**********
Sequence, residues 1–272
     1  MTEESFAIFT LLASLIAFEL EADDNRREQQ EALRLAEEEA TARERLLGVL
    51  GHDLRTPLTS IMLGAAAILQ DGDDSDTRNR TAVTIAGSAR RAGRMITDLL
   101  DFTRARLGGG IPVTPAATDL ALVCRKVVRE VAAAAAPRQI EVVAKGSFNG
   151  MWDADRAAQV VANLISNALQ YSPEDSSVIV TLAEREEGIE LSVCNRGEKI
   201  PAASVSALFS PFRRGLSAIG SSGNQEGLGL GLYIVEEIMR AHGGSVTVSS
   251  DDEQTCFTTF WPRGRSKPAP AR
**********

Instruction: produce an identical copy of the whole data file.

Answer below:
Sequence, residues 1–272
     1  MTEESFAIFT LLASLIAFEL EADDNRREQQ EALRLAEEEA TARERLLGVL
    51  GHDLRTPLTS IMLGAAAILQ DGDDSDTRNR TAVTIAGSAR RAGRMITDLL
   101  DFTRARLGGG IPVTPAATDL ALVCRKVVRE VAAAAAPRQI EVVAKGSFNG
   151  MWDADRAAQV VANLISNALQ YSPEDSSVIV TLAEREEGIE LSVCNRGEKI
   201  PAASVSALFS PFRRGLSAIG SSGNQEGLGL GLYIVEEIMR AHGGSVTVSS
   251  DDEQTCFTTF WPRGRSKPAP AR